You’d think I’ve been doing this culinary critiquing long enough that I’ve been just about everywhere and tried just about everything. But the other night Anoosh Bistro delivered a first: an appetizer so fine that I couldn’t eat just one.
Yes, that’s what I said. The grilled Roman artichoke app was so good, so intense, yet subtle, so ringing with perfectly-tuned flavors, that we ate up one order as fast as we could, and then asked for another order in a takeout box so we could enjoy the experience again another day.
And that was just the start.
Please record two thumbs up on my first visit back to Chef Anoosh Shariat’s eponymous eatery since my last visit just after it opened in the autumn of 2014.
The simple, elegant style of the place hasn’t changed much, with its understated gray and white decor, brightened by splashes of bold color in framed prints of close-up flowers along one wall. A tall, comfortable banquette bisects the room, breaking it into smaller, somewhat more-quiet halves; booths line one wall, a classy bar along the other and an open kitchen at the rear. Tables are draped in coffee-with-cream color tablecloths and none-too-absorbent, dark coffee-color cloth napkins rolled around heavy flatware.
One thing is different now: Mark Ford, formerly of Artesano and, earlier, St. Charles Exchange, has stepped in as executive chef, backing up Shariat during his recovery from colon cancer. “I’m doing well,” Shariat told us the other night, wearing a big straw hat as he greeted diners. “I’m strong.”
We surely hope so.
About 15 appetizers range in price from $12 (for fried arancini risotto balls or escargot in puff pastry) to $18 (for a cheese and charcuterie plate); a half-dozen soups and salads are all $9 or $10. Eighteen entrées, including six seafood choices, five pasta dishes and eight “Land” entrées, a category that inscrutably covers both meat and vegetarian dishes, range from $19 (for what may be the city’s most expensive hamburger) to $42 (for an eight-ounce grilled beef tenderloin). Among others, a Foxhollow New York strip steak is $39, coriander-scented Muscovy duck breast, $29 and coconut curry tofu, $24.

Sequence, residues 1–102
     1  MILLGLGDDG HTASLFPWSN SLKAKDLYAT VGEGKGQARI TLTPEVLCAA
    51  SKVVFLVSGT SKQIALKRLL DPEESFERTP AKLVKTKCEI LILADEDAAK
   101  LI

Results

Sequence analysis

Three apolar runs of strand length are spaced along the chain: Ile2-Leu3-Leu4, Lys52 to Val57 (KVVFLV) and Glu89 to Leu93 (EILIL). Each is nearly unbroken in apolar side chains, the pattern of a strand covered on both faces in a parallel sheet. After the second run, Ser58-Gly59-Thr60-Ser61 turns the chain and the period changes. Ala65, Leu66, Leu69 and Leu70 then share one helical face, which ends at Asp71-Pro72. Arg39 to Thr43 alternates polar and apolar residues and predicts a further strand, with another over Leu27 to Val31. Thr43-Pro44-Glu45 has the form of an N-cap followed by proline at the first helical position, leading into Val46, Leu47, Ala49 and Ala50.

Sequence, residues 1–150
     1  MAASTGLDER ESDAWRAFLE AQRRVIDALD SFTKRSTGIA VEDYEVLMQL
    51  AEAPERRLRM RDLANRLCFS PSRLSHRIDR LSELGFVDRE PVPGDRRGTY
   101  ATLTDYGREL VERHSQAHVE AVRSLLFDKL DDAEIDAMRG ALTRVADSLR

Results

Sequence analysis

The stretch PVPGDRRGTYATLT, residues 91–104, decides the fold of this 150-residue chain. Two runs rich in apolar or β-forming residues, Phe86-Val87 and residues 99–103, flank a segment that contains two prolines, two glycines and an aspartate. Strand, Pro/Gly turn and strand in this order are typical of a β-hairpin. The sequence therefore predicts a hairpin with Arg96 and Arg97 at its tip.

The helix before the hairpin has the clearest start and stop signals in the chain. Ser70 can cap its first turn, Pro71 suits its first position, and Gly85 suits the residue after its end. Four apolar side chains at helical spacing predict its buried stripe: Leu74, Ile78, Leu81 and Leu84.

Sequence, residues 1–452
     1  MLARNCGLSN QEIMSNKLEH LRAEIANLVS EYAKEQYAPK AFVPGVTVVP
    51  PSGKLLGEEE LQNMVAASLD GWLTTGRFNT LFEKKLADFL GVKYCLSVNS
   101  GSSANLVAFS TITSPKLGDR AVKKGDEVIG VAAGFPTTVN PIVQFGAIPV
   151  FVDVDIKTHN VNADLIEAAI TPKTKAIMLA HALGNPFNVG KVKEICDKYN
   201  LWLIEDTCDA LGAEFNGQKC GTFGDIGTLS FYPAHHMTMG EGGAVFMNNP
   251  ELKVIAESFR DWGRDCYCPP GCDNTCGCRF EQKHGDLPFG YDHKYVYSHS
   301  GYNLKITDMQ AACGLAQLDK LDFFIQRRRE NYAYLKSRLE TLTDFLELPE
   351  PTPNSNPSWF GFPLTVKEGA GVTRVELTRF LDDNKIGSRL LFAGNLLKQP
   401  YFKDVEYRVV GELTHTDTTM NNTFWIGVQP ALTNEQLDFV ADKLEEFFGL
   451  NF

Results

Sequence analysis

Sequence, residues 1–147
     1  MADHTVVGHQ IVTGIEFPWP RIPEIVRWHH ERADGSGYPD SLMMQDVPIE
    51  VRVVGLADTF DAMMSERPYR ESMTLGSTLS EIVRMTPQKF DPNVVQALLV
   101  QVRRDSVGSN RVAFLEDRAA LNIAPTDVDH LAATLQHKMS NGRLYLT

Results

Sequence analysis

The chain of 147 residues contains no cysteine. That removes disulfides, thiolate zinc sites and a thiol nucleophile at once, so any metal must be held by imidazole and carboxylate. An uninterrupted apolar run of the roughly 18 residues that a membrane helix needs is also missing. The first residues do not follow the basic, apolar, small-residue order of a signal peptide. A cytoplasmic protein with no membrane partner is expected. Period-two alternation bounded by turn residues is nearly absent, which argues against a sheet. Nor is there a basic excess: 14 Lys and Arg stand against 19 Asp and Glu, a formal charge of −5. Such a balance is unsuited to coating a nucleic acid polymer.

The well-stocked bar offers extensive wine and bourbon lists and interesting signature cocktails. We enjoyed a peppery, balanced Rittenhouse rye Manhattan ($12) and a tall Campari and soda ($11).
Anoosh’s take on garlic bread features thin-sliced, crusty toast rubbed with garlic and fresh basil. A Groganica heirloom Bibb lettuce salad ($9) was OK, a rather skimpy portion of pale Bibb, toasted walnuts, thin apple slices, carrot shreds and creamy white dressing.
Happily, it was all uphill from there, starting with those fantastic grilled Roman artichokes ($14), a revelatory dish that got us sitting up straight in delight. A good representation of the Roman dish carciofi alla romana, it consisted of two perfectly-prepped artichoke hearts, including the long stem, that had been steamed with wine, lemon and herbs to impart subtle aromatics, and then grilled to add a haunting, smoky flavor. They were halved lengthwise and plated with a salad of spaghetti-look spiralized pickled turnip and bright slivers of red bell pepper and finally drizzled with piquant green roasted shallot vinaigrette.
Anoosh’s magic hand on lamb shows in the braised lamb shank ($28), with mashed potatoes. It was truly wonderful, presented with a large, whole carrot and long-cooked as you’d do with a pot roast, with green onions, fine mashed potatoes piped from a pastry bag and deep, intense brown gravy, complex with a hint of cinnamon. (A friend offered an equally glowing report on the rare-pink, rosemary-scented rack of lamb ($38) in its intriguing, sherry-date lamb jus.)
Having encountered gnudi for the first time in Louisville at Ward 426 recently, I was surprised to see this hearty, Southern Italian dish again here. Will it be the next big thing? Anoosh’s version ($28) consists of six small, sweet balls of ricotta plated on a thick fava bean cream and garnished with tender favas, roasted bitter radicchio and peppery arugula in an attention-grabbing combination of flavors.
Desserts are made in-house by pastry chef Robbie Santos. Coconut sorbet ($9) was wonderful in its simplicity: coconut in coconut milk, churned into a smooth, creamy yet light confection.
A lemon-curd tart ($9) was plated at the center of a medley of treats of contrasting flavors and textures: a pretty scoop of perfectly textured huckleberry ice cream; tiny, crisp meringue drops; crunchy milk crumbles; and bright, intense dots of red cherry and green applesauce. The tart itself was built on an excellent cookie shell filled with a dense, potently lemony curd and topped with fresh blueberries and halved blackberries.
Dinner for two, with two adult beverages and an extra order of artichokes, was $142.04, plus a $30 tip for our server, Bowen.